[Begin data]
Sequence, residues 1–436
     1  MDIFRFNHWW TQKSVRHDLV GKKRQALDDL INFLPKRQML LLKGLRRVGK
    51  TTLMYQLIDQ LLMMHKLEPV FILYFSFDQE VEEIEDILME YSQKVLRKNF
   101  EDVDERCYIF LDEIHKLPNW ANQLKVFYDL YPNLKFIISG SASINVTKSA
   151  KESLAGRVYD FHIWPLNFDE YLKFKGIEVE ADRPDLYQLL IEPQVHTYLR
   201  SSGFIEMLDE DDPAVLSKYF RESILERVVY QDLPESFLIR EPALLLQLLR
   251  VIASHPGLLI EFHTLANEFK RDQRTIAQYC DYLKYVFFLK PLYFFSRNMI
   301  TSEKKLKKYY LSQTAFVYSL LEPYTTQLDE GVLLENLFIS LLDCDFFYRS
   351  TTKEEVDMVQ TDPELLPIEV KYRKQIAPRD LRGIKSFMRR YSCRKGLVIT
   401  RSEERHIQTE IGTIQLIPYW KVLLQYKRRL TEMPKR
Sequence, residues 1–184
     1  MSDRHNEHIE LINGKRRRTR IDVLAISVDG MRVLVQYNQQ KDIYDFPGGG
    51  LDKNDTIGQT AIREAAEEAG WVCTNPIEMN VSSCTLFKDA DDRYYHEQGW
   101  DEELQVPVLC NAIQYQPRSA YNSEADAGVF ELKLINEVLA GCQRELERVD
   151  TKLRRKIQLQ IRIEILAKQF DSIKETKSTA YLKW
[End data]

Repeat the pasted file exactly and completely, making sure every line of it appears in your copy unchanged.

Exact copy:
Sequence, residues 1–436
     1  MDIFRFNHWW TQKSVRHDLV GKKRQALDDL INFLPKRQML LLKGLRRVGK
    51  TTLMYQLIDQ LLMMHKLEPV FILYFSFDQE VEEIEDILME YSQKVLRKNF
   101  EDVDERCYIF LDEIHKLPNW ANQLKVFYDL YPNLKFIISG SASINVTKSA
   151  KESLAGRVYD FHIWPLNFDE YLKFKGIEVE ADRPDLYQLL IEPQVHTYLR
   201  SSGFIEMLDE DDPAVLSKYF RESILERVVY QDLPESFLIR EPALLLQLLR
   251  VIASHPGLLI EFHTLANEFK RDQRTIAQYC DYLKYVFFLK PLYFFSRNMI
   301  TSEKKLKKYY LSQTAFVYSL LEPYTTQLDE GVLLENLFIS LLDCDFFYRS
   351  TTKEEVDMVQ TDPELLPIEV KYRKQIAPRD LRGIKSFMRR YSCRKGLVIT
   401  RSEERHIQTE IGTIQLIPYW KVLLQYKRRL TEMPKR
Sequence, residues 1–184
     1  MSDRHNEHIE LINGKRRRTR IDVLAISVDG MRVLVQYNQQ KDIYDFPGGG
    51  LDKNDTIGQT AIREAAEEAG WVCTNPIEMN VSSCTLFKDA DDRYYHEQGW
   101  DEELQVPVLC NAIQYQPRSA YNSEADAGVF ELKLINEVLA GCQRELERVD
   151  TKLRRKIQLQ IRIEILAKQF DSIKETKSTA YLKW